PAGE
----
In Henry Wallace, the nation once again found a Commerce Secretary who, though a very noteworthy figure, didn’t do much of note in his capacity as Secretary of Commerce—Henry Wallace.
Wallace was born in Iowa, and his father, also named Henry, was the editor of an agriculture-themed publication called Wallace’s Farmer. The younger Wallace worked on the Farmer and served as editor from 1924 to 1929. The elder Wallace was Secretary of Agriculture from 1921 to 1924. In 1915, he’s credited with having published the first ever corn-hog ration charts, which I think shows the amount of corn you need per hog but honestly I have no idea. More importantly, he worked on the development of higher-yield strains of corn which became important for farmers across the nation. This work was the foundation of his company, Hi-Bred Corn, later Pioneer Hi-Bred which was eventually acquired by Dupont.
The Wallaces were liberal Republicans and the younger Wallace was a New Deal supporter, and thus FDR reached out and appointed him Secretary of Agriculture in 1933. As Secretary, Wallace was in charge of implementing one of the New Deal’s odder and more misguided ideas, namely that the government should try to foster the deliberate destruction of agricultural products in an effort to raise commodity prices and turn deflation around.
Meanwhile, during FDR’s second term, his Texas conservative Vice President moved into a posture of more aggressive opposition to Roosevelt, going so far as to challenge FDR for the nomination at the 1940 convention. Clearly, a new VP was needed, and Roosevelt tapped Wallace, a reliable liberal, in part to ensure loyalty and in part because FDR new full well that he was turning away from the New Deal and toward national security and wanted to keep the New Dealers in the tent. During the campaign, GOP operatives got their hands on a series of letters written from Wallace to Russian new age leader Nicholas Roerich. In the letters, Wallace address Roerich as “dear guru.” Democrats threatened to expose an extramarital affair of Wendell Willkie’s if the Republicans went public with the “dear guru” letters, and both sides wound up agreeing to hold their fire. As Vice President, Wallace ran the Board of Economic Warfare, denounced anti-black riots in Detroit, and earned the enmity of conservatives in the United States and U.K. by portraying the war as part of a broader campaign for racial, social, and economic equality. Wallace’s clashes with the conservatives got him stripped of his authority, and dumped from the ticket in the 1944 election at which point he became Secretary of Commerce.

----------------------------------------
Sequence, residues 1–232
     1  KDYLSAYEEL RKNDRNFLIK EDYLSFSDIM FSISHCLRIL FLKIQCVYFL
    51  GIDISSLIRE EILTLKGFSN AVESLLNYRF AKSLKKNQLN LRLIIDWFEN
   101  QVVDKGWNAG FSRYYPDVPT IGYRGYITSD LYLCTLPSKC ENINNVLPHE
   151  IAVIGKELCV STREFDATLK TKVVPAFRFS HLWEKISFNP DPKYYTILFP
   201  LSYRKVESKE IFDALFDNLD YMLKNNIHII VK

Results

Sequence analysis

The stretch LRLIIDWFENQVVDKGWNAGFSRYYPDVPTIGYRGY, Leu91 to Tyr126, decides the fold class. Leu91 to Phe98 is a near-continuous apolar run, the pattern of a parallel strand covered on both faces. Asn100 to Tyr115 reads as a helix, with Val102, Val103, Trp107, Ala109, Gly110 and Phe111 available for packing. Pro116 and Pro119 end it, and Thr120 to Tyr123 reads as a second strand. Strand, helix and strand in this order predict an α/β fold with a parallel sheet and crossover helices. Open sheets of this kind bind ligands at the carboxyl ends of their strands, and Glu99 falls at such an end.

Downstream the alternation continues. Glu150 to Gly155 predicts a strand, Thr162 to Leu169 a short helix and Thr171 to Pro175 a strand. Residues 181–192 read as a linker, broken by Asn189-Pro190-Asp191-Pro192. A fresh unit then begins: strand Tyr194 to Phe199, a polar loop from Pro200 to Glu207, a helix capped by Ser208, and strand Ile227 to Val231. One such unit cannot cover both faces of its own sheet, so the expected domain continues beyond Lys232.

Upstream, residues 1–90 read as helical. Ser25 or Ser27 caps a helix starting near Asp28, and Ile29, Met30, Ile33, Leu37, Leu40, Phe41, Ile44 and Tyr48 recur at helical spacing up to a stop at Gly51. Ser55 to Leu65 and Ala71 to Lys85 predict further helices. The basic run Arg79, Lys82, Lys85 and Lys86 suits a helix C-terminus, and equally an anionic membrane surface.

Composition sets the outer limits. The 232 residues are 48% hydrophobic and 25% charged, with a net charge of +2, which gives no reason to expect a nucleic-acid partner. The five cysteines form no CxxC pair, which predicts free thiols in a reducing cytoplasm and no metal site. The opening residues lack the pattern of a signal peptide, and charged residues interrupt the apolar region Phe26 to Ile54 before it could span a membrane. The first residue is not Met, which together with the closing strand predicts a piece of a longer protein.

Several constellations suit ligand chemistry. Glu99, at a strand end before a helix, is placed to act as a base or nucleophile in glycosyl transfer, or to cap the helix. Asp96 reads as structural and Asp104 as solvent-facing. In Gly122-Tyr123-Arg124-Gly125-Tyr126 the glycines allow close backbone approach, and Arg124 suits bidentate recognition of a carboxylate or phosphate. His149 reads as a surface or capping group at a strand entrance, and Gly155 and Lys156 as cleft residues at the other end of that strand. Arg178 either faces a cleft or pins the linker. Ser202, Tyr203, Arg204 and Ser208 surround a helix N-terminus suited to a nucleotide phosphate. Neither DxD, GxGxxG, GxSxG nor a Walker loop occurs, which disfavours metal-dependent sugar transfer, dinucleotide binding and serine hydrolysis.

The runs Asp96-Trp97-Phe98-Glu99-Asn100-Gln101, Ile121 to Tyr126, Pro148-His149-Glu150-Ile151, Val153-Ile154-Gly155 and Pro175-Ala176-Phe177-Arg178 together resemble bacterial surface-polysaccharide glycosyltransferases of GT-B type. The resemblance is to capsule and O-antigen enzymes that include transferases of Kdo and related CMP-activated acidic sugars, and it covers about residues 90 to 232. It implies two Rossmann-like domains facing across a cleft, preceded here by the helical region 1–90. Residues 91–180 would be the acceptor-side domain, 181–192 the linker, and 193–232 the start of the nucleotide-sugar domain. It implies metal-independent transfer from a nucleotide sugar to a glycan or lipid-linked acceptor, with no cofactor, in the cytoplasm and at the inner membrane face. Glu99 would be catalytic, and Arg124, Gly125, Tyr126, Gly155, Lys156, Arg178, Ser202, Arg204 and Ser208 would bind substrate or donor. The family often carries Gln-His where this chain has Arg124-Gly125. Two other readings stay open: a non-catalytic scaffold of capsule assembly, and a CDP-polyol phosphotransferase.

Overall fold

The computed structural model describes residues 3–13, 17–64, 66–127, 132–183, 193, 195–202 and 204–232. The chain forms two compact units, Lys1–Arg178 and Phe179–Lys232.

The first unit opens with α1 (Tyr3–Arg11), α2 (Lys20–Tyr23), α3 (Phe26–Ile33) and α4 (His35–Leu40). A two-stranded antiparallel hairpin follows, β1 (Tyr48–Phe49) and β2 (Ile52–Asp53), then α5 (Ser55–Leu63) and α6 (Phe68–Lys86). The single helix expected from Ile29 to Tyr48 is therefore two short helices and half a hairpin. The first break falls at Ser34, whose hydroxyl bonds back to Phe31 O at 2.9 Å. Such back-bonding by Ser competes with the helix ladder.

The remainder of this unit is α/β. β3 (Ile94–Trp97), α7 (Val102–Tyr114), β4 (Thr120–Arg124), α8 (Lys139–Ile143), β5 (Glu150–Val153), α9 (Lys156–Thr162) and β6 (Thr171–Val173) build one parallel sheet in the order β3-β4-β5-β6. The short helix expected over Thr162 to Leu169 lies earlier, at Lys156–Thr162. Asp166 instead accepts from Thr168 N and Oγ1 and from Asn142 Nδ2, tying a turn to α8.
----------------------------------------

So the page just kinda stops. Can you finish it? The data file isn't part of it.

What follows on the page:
He didn’t actually do anything important as Secretary of Commerce related to the job’s responsibilities, but he did clash with Harry Truman over policy toward the Soviet Union, arguing for a softer line. Truman eventually sacked him, at which point he became editor of The New Republic. At the time TNR‘s foreign policy involved being too far left rather than too far right, so Wallace denounced the Truman Doctrine and lay the groundwork for his 1948 Presidential Campaign on the Progressive Party ticket. The Wallace agenda was in many ways admirable—he stood foresquare for civil rights, voting rights for African-Americans, and universal health care. The campaign was also shot-through with Communists being controlled by Moscow, and there’s some indication in the Mitrokhin Archive that Wallace himself was considered a KGB asset at the time.
Wallace went back to farming, supported the Korean War in 1950. In 1952 he published Where I Was Wrong, disavowing his earlier soft-on-Stalin views. He backed Eisenhower’s re-election in 1956 and Nixon in 1960, and died in 1965.